Lionel Brockman Richie, Jr., on June 20, 1949, in Tuskegee, Alabama
As a child, Richie had numerous family ties linking him to the Tuskegee Institute, a higher-learning centerpiece of the black community. Although his family relocated to Illinois for a while, Richie returned to the school for his college years, during which he began to play with an assortment of R&B bands on and around campus. By 1968 he was lead singer and saxophone player for the Commodores, one such band that would achieve stardom as a '70s act.
A Balancing Act - the Commodores:
With funky hits like "Brick House" and the instrumental "Machine Gun," the Commodores, along with Earth, Wind & Fire and Kool & the Gang, helped define '70s soul and R&B. However, as Richie increasingly took the reins of the band's direction, his tendency toward soft rock love songs both smoothed the band's edges and clearly claimed responsibility for much of its success. This dichotomy meant that Richie's days in the band were clearly numbered by the late '70s. He had expansive solo seas to sail on, after all.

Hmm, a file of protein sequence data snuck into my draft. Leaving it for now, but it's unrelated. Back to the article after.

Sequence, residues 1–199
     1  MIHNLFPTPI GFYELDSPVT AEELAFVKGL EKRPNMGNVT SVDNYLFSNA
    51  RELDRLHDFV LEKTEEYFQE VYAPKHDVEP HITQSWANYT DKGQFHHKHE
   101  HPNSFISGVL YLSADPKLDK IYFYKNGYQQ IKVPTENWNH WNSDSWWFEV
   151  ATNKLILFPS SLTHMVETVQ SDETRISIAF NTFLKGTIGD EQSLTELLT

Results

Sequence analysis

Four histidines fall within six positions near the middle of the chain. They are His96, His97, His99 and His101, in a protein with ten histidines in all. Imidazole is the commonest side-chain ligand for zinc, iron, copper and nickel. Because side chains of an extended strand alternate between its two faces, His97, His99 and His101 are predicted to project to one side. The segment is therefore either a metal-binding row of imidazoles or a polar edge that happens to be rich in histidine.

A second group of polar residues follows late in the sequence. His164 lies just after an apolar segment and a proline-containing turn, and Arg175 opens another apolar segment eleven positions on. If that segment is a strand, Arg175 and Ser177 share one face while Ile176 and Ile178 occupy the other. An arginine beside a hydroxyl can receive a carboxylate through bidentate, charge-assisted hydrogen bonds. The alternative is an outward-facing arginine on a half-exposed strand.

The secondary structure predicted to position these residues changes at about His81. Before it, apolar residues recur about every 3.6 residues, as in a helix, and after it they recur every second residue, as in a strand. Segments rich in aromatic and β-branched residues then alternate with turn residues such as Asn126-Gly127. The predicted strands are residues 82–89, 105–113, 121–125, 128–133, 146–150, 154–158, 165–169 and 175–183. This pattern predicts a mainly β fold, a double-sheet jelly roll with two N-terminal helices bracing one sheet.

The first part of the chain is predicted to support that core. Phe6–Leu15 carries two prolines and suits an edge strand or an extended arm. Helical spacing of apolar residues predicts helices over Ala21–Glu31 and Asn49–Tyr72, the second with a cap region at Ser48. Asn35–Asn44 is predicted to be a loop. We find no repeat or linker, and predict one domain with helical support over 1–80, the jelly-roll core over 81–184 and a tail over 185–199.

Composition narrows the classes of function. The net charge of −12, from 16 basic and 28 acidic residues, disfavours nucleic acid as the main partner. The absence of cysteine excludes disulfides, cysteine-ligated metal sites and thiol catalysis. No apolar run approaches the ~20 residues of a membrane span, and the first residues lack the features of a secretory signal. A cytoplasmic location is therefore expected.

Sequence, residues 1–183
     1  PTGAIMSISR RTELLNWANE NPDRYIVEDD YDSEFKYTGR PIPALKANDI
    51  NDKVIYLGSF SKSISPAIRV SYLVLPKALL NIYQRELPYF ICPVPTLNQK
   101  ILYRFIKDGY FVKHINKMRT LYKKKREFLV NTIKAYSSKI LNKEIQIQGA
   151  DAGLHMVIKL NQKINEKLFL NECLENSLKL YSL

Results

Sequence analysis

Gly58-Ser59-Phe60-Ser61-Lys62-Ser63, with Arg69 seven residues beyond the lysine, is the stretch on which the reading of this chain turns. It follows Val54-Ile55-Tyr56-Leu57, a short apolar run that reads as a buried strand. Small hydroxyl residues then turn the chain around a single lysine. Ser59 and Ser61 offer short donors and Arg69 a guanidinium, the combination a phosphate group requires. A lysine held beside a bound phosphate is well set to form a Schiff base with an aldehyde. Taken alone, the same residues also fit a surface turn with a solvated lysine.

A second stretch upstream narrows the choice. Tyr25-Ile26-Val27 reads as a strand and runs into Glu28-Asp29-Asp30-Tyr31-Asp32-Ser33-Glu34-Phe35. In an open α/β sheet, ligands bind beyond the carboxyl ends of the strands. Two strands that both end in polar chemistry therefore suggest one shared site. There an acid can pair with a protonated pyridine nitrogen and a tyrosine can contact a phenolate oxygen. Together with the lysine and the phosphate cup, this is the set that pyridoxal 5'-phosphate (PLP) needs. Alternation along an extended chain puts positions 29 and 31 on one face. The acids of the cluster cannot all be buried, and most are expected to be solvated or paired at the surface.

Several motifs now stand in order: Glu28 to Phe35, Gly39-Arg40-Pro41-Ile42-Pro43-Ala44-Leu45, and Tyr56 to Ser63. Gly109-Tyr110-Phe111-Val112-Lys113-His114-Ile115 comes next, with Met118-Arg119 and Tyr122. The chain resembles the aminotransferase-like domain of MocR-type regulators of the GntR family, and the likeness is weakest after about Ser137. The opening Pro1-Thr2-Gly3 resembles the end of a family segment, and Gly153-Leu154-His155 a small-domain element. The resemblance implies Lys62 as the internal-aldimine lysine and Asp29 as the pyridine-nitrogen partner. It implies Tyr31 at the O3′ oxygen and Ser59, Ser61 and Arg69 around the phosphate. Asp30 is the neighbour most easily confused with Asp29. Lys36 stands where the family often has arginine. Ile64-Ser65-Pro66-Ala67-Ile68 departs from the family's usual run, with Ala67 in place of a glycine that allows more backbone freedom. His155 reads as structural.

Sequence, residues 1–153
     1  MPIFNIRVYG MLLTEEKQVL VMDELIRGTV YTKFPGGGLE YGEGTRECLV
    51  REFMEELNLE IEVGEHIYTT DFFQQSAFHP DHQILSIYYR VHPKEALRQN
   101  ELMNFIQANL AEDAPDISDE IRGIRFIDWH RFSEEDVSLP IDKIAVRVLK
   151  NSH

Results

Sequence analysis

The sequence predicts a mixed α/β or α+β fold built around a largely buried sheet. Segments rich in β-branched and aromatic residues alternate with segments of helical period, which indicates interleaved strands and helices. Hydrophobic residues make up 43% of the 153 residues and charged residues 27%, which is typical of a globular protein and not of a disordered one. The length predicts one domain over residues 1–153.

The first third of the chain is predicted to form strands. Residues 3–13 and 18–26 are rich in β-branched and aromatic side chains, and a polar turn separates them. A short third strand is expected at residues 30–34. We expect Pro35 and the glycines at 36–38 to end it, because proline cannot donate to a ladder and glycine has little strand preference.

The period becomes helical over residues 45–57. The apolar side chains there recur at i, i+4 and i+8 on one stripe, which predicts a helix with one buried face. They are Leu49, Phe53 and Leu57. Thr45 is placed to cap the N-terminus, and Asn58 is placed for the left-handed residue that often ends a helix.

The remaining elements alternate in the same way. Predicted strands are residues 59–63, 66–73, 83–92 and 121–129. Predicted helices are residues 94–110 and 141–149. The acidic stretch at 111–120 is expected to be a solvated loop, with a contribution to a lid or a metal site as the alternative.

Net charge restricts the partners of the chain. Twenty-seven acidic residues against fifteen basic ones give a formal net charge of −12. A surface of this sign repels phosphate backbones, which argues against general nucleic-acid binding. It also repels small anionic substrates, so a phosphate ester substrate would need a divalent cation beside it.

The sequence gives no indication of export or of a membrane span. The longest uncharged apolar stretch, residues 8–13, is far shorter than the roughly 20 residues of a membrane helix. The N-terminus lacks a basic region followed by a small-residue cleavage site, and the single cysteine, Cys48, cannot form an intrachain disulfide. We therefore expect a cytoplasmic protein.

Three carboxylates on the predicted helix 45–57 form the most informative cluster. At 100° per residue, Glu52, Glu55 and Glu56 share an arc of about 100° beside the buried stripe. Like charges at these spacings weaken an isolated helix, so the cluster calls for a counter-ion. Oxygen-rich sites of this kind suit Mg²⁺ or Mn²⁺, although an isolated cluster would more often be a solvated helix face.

Lionel Richie's Solo Stardom - 1981 to 1987:
With the Commodores, Richie had begun to forge the template of his '80s sound on hits like "Easy" and "Three Times a Lady." But he continued to deepen his music's commercial appeal, ultimately removing almost all traces of urban and soul sounds from his formula for "Truly," "Hello," and "Say You, Say Me." Still, aside from a few non-ballad, somewhat embarrassing missteps (that still managed to become huge hits) like "Dancing on the Ceiling," Richie ruled the pop charts for more than half the decade.
Decline & Hiatus:
Following 1986's Dancing on the Ceiling, Richie's stock among pop music fans began to drop significantly, as his years away from dance music and soul really showed when he tried to speed things up. Partly because of a sense that tastes were changing and partly because he needed a break from the recording industry, Richie took nearly a decade off from music, reemerging in 1996 with a sound that tried, with mixed results, to introduce newer styles such as hip-hop into his formula.
Lionel Richie Facts:
- Richie was a star tennis player during high school in Illinois and attended Tuskegee Institute on a scholarship for the sport.
- In 1984, Richie and his first wife, Brenda, took in the three-year-old daughter of music colleagues and raised her as their own. They didn’t know then, of course, that she would grow up to be Nicole Richie reality TV star and frequent tabloid subject.
- During his heyday, Richie enjoyed a remarkable run of 13 consecutive Top Ten pop hits, including five number ones.